The final rules also cover situations where payers have “downcoded” a claim. According to previous rulemaking, downcoding occurs when payers change service codes or change, add, or remove a modifier, which can lower the QPA for the service code or modifier billed by a provider.
The rules will create new requirements related to what information payers must share with providers when downcoding occurs. The information includes a statement that the service code or modifier was downcoded, an explanation of why the claim was downcoded, and the amount that would have been the QPA had the service code or modifier not been downcoded.
The Biden Administration—through the Departments of Labor, Health and Human Services, and Treasury, which officially released the final surprise billing rules—said that the rules “will help providers, facilities and air ambulance providers engage in more meaningful open negotiations with plans and issuers and will help inform the offers they submit to certified independent entities to resolve claim disputes.”
But whether the updated language is enough to tip the balance for providers remains to be seen. AHA said in a news release late last week that it is closely reviewing the final surprise billing rules.
More than 180 members of the House of Representatives are urging the Biden administration to crack down on drugmakers restricting drug discounts in the 340B program.
Enforcement actions should include fines, the letter from a bipartisan group of House members to HHS Secretary Xavier Becerra and other administration officials said.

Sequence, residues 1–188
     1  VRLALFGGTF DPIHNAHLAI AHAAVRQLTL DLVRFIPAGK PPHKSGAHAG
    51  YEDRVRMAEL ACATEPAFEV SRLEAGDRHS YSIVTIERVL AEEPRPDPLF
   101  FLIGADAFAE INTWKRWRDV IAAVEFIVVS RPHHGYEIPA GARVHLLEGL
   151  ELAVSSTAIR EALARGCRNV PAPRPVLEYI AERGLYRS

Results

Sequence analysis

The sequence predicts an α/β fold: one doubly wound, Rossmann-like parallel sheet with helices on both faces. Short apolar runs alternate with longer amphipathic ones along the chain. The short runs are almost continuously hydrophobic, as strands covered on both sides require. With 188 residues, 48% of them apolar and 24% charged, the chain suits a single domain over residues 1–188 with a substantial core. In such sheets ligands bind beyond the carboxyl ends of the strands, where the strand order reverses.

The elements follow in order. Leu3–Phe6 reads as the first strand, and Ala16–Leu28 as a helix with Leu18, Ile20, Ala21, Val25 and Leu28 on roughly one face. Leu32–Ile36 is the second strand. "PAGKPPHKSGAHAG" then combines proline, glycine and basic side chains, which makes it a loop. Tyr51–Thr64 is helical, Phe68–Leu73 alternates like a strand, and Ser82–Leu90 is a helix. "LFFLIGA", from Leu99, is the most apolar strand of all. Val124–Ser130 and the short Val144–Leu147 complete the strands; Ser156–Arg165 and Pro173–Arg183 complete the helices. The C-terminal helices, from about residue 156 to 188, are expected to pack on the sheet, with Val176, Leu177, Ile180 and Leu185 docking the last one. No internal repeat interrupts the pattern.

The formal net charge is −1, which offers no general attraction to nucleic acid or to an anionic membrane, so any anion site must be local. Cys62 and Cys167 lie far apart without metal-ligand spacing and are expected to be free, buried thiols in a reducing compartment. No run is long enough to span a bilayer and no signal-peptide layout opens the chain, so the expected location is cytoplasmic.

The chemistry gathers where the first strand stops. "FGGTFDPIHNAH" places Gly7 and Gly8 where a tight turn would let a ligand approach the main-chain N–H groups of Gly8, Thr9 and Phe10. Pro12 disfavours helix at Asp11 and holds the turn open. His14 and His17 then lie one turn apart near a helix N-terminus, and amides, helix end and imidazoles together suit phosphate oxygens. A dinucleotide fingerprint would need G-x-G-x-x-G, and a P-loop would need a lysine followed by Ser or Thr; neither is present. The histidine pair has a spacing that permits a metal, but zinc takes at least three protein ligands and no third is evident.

Currently, 18 drug manufacturers are limiting 340B discounts dispensed through pharmacies that contract with 340B providers, according to the letter.
The 340B program requires drugmakers to charge hospitals only the statutory ceiling prices for eligible outpatient drugs. The goal of the three-decade-old program is to have savings flow into care for low-income patients and underserved communities. But critics — notably, drugmakers and some lawmakers — argue the program doesn’t have enough oversight, as hospitals don’t need to account for what they do with any savings.
Drug manufacturers began imposing restrictions on 340B discounts as early as summer 2020, sparking legal challenges from regulators. The HHS sent nine warning letters to pharmaceutical companies, referring seven of them to the Office of the Inspector General for investigation and potential enforcement.
The letter asks the OIG to finish its ongoing review of seven drug manufacturers for potential noncompliance with federal law on 340B discounts “as soon as possible.”
The law allows the OIG to impose fines up to $6,000 per drug claim on companies that intentionally overcharge 340B providers, according to the Health Resources and Services Administration, which oversees the program.
Regulators should begin imposing civil monetary penalties against pharmaceutical companies found in violation, the congresspeople said.
The letter also argues that the Biden administration should pursue enforcement action against 11 drug companies restricting 340B pricing, which either haven’t received notice from the HHS that they’re in violation of law yet, or have received a notice but haven’t been referred to OIG for enforcement.